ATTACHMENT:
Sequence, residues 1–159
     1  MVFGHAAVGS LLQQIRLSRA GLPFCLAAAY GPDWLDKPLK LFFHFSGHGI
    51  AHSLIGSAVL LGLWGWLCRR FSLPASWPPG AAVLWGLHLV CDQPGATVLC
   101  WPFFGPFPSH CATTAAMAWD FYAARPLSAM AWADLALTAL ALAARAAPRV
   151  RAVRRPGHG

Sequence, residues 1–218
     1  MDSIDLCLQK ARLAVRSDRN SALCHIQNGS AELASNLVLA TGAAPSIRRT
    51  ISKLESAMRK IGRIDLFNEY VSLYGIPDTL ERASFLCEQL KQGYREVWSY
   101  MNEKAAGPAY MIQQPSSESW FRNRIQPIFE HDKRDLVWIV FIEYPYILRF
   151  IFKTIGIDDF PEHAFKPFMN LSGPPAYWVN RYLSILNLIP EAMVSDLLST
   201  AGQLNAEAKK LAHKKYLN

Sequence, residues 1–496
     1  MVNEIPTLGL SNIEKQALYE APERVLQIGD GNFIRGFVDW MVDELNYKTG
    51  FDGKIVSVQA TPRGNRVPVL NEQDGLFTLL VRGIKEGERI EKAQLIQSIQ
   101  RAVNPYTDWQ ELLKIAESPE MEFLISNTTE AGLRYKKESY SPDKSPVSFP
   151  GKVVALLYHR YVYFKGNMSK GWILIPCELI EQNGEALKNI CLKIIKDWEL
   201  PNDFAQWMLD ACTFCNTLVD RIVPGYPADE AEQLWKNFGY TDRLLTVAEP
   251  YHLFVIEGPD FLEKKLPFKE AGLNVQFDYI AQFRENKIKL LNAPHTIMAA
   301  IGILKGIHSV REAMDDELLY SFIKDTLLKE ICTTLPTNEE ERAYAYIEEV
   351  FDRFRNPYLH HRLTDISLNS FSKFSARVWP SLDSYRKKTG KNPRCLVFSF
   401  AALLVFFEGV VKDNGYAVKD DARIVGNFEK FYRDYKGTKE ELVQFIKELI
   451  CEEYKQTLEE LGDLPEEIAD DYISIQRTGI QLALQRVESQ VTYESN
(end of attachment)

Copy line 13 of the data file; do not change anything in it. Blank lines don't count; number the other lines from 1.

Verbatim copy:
     1  MVNEIPTLGL SNIEKQALYE APERVLQIGD GNFIRGFVDW MVDELNYKTG